Frederick Lewis Allen wrote of the generation who went through the Great Depression:
It marked millions of people–inwardly–for the rest of their lives. Not only because they or their friends lost jobs, saw their careers broken, had to change their whole way of living, were gnawed at by a constant lurking fear of worse things yet; but because what was happening to them seemed without rhyme or reason. Most of them had been brought up to feel that if you worked hard and well, and otherwise behaved yourself, you would be rewarded by good fortune. Here were failure and defeat and want visiting the energetic along with the feckless, the able along with the unable, the virtuous along with the irresponsible.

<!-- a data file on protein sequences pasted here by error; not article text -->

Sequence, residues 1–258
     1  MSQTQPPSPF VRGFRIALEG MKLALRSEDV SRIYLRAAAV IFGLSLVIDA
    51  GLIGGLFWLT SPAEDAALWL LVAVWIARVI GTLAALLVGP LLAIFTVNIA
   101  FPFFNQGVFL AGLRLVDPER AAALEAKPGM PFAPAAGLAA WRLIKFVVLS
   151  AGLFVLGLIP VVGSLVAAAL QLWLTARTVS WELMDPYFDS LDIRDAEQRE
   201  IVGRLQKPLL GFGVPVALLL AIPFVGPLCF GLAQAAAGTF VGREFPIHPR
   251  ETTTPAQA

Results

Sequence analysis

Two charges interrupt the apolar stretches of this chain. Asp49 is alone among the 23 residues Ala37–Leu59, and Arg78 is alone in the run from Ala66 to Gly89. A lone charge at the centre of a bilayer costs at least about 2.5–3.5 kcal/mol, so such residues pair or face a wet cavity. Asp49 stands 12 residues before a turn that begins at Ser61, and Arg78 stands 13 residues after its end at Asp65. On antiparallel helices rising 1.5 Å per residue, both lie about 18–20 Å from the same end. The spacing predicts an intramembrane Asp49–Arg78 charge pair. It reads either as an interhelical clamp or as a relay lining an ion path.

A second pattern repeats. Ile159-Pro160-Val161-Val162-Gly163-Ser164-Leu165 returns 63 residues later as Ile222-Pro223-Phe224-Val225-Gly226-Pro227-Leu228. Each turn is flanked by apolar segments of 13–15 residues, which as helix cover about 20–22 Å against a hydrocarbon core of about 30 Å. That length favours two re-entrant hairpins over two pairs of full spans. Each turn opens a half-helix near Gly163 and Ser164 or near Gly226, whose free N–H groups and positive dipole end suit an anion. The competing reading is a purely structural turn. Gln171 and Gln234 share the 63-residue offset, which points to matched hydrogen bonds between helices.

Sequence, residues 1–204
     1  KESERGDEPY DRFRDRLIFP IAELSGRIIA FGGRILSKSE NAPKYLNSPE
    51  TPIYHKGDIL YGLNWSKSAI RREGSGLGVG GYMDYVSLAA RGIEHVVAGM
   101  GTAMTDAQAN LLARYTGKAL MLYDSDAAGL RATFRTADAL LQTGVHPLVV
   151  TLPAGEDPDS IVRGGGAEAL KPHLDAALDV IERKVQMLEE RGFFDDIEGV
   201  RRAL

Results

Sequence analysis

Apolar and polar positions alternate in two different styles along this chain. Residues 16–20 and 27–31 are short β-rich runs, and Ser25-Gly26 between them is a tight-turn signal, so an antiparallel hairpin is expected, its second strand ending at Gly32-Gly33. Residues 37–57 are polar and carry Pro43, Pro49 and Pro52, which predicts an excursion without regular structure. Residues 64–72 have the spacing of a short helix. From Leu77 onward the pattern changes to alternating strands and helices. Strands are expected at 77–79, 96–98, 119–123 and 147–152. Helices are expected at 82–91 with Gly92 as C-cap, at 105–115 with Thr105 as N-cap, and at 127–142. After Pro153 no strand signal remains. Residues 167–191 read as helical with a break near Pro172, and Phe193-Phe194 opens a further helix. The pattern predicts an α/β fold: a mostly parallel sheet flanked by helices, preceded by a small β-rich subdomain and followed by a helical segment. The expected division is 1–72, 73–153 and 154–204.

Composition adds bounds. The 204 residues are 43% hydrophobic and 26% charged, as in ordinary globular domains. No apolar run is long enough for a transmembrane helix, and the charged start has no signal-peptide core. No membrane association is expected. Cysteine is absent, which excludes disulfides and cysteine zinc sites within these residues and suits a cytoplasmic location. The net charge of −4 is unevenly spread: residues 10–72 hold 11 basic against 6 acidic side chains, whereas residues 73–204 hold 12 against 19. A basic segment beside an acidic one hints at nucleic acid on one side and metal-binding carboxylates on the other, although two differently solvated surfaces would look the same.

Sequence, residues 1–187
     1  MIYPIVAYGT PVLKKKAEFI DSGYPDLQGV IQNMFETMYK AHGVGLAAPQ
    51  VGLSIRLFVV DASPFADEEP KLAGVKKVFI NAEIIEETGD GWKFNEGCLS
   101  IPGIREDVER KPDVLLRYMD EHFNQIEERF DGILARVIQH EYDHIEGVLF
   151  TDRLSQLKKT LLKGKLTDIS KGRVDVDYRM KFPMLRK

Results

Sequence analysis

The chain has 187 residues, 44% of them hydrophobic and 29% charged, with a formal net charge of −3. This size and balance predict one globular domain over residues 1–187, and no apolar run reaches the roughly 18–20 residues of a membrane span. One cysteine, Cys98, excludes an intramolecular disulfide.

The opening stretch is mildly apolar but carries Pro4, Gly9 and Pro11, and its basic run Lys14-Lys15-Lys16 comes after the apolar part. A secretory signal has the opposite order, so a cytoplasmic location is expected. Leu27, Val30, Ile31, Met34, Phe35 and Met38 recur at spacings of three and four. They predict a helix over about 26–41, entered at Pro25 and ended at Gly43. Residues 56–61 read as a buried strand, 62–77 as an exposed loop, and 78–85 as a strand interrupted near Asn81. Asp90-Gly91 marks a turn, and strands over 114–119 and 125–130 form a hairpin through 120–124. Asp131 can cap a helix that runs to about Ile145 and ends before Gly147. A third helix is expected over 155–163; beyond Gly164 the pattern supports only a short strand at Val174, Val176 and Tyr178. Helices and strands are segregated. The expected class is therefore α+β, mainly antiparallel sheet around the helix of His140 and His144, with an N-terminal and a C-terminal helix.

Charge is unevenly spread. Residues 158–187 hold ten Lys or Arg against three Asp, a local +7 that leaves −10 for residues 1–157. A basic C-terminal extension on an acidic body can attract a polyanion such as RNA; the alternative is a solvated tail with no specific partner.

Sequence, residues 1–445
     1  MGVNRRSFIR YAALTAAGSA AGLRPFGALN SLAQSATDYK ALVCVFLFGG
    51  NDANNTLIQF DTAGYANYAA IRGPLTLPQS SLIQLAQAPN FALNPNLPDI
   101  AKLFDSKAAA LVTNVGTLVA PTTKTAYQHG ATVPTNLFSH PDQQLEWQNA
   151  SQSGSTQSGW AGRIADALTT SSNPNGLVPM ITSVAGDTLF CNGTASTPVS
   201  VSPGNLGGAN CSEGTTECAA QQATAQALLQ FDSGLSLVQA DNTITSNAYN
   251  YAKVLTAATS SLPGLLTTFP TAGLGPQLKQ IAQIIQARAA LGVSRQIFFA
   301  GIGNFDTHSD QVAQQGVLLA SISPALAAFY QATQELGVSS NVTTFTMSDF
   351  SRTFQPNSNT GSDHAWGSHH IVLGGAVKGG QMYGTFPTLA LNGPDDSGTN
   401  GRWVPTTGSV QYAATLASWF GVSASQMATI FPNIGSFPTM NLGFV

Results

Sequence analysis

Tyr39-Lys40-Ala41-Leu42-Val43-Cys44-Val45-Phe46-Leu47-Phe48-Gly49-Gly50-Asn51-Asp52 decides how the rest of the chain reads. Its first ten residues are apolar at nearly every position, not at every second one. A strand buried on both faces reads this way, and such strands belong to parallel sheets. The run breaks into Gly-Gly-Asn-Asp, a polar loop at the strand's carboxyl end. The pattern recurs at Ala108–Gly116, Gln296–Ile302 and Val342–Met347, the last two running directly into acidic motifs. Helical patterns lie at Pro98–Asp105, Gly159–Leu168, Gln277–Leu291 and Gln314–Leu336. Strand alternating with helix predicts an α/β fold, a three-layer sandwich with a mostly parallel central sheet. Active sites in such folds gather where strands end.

Economist John Graham once studied a group of corporate managers who worked through the Great Depression, and found it left them far more conservative:
Depression experience appears to have affected the preference to use debt, even after the economic environment improved: Firms that were highly levered during the Depression use relatively little debt in the 1940s. Moreover, this behavior appears to be individual-specific because the use of debt increases in the 1940s at companies for which the Depression-era company president retires or otherwise leaves the firm.
Another team of researchers measured how the depression generation thought about the stock market later in their lives:
The average participation rate for the generation that experienced the 1930s Great Depression as teenagers or adults is 13%, significantly lower than the rates of all other cohorts, which range from 26 to 32%. The 1931-1940 cohort, which experienced the post-war boom years during their young adult life, has a participation rate at age 36-45 that is more than twice as high.